There are a lot of reasons that your dream client might reject your request for a meeting. Those reasons include the fact that they already have someone providing them the same product or service, they’ve met with salespeople who provided a less than stellar experience, or they are simply overwhelmed with work. But there is another reason, one that lives at the subconscious level, something that your prospective client isn’t aware of now. They worry that you will mistake the commitment to meet (what we call The Commitment for Time) for the commitment to buy (what we call The Commitment to Change and the Commitment to Decide, in that order).
Even though you have only asked for a meeting, your dream client knows that you are going to want to talk to them about what they’re doing now, what needs to be different, and why they should consider swapping out their current provider for someone they just met for the first time. Naturally, they’d like to protect themselves from this experience (and if you are reading this, you might reflect on how you guard yourself from this every same scenario when your brother-in-law the financial planner visits you on holidays).
There is also something else going on inside your prospect’s subconscious. They know deep down that they need to make change. There are areas where they need better results and, because they are shared with improving those areas, they feel some need to do something. This creates an internal conflict. Right now there are areas of your life you would like to improve, but you also resist taking action (this is true if you’ve ever made the same New Year’s resolution more than once, or if you ever promised yourself that you’d change “starting tomorrow.”)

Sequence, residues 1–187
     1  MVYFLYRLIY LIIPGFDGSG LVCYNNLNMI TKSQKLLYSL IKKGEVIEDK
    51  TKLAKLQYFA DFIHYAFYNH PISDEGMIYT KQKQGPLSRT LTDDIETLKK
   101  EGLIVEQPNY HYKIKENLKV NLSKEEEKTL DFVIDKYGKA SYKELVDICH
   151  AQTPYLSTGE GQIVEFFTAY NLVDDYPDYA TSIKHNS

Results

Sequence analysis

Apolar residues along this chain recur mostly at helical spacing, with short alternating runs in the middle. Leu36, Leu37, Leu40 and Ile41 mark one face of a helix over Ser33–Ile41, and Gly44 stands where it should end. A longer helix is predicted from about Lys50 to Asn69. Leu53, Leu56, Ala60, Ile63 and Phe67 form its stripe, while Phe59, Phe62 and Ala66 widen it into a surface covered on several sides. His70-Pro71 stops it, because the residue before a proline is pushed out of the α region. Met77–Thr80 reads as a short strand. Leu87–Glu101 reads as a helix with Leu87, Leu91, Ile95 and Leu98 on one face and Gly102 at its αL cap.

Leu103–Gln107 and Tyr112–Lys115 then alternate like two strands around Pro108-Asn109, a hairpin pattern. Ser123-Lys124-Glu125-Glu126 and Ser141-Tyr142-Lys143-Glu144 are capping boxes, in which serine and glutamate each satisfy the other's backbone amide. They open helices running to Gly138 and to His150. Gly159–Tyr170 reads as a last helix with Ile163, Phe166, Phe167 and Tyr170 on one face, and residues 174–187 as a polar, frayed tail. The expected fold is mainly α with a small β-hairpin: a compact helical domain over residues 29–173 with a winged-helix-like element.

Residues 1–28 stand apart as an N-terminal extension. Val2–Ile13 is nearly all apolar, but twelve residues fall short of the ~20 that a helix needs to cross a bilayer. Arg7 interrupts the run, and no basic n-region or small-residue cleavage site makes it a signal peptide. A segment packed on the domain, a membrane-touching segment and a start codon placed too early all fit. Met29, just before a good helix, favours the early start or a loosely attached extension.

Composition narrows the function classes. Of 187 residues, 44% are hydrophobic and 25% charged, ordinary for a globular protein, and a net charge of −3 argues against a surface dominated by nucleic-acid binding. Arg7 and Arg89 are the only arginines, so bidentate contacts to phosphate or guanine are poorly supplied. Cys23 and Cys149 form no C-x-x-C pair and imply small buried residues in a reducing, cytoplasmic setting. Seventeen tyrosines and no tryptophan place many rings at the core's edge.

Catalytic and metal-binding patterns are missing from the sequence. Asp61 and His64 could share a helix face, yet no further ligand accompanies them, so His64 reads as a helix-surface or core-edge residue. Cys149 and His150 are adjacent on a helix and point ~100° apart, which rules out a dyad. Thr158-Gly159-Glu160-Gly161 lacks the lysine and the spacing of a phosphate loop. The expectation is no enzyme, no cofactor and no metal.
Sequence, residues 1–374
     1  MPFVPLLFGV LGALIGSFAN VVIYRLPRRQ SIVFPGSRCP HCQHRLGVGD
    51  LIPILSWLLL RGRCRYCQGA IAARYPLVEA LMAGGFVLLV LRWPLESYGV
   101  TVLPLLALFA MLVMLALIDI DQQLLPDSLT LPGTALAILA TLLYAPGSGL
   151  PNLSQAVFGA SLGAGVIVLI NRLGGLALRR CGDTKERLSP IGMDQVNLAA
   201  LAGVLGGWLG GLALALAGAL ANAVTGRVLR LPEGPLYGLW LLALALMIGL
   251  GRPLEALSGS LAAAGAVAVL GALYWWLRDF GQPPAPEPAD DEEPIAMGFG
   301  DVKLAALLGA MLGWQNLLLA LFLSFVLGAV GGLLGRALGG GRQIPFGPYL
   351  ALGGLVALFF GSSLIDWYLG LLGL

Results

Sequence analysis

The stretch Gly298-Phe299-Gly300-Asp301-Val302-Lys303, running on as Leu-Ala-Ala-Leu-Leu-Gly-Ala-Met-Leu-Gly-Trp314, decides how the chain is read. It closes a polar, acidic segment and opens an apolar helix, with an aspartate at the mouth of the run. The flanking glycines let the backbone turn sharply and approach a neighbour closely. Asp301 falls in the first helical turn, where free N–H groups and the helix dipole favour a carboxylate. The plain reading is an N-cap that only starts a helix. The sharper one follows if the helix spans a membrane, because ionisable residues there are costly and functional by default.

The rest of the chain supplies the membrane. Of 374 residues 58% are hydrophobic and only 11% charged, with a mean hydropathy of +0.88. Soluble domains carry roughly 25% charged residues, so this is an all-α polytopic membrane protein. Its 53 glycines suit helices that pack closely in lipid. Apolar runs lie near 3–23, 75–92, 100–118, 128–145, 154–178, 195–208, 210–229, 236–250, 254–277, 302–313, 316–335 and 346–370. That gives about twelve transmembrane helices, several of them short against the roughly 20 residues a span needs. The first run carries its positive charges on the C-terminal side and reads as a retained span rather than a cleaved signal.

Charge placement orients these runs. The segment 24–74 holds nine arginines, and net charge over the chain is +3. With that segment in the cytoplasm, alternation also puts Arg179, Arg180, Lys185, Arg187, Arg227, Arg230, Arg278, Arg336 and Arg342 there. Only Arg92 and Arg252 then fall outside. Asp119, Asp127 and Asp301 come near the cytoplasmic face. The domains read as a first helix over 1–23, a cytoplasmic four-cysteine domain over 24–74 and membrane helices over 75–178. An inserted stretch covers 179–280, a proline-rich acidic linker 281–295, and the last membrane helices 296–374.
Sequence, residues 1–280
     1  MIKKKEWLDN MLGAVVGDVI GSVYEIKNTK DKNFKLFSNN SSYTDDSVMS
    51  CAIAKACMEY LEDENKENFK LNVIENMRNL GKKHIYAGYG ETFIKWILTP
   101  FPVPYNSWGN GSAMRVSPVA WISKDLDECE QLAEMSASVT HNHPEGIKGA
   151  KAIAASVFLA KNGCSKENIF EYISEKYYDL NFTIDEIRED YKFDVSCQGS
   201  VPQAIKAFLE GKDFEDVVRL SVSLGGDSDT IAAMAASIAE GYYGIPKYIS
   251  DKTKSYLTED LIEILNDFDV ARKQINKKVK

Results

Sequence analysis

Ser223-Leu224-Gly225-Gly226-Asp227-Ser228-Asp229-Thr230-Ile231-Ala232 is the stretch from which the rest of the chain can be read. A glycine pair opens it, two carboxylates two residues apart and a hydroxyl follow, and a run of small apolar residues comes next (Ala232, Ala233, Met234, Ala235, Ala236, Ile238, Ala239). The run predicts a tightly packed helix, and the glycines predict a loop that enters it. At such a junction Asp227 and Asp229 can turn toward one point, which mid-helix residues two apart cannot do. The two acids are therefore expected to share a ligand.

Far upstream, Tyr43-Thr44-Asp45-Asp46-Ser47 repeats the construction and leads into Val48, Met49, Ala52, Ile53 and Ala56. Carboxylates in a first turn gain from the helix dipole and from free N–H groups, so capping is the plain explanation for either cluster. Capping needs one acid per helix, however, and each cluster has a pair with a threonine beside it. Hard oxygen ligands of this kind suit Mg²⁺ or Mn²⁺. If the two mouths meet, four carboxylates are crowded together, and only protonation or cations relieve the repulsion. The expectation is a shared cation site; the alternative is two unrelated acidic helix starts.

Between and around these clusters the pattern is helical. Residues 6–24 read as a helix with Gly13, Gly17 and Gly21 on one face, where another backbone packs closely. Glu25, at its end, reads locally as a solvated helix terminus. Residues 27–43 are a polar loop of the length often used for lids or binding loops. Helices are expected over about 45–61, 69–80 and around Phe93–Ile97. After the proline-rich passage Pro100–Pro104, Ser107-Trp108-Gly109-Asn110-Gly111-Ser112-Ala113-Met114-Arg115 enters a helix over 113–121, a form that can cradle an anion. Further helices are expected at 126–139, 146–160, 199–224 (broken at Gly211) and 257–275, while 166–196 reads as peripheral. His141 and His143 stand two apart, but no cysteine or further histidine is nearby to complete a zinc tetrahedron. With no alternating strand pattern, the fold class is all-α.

This is why you need to trade something of value for your dream client’s time. You must make it worth their while to talk about the things that are—or should be—casting them to change. This is something you need to do “even if there isn’t a next step” and even if “we never do business together.” To go fast, you need to go slow. The Commitment of Time and the Commitment to Explore need to be nothing more than that, if you want to make these commitments easier to gain—and if you really want to help your dream client.
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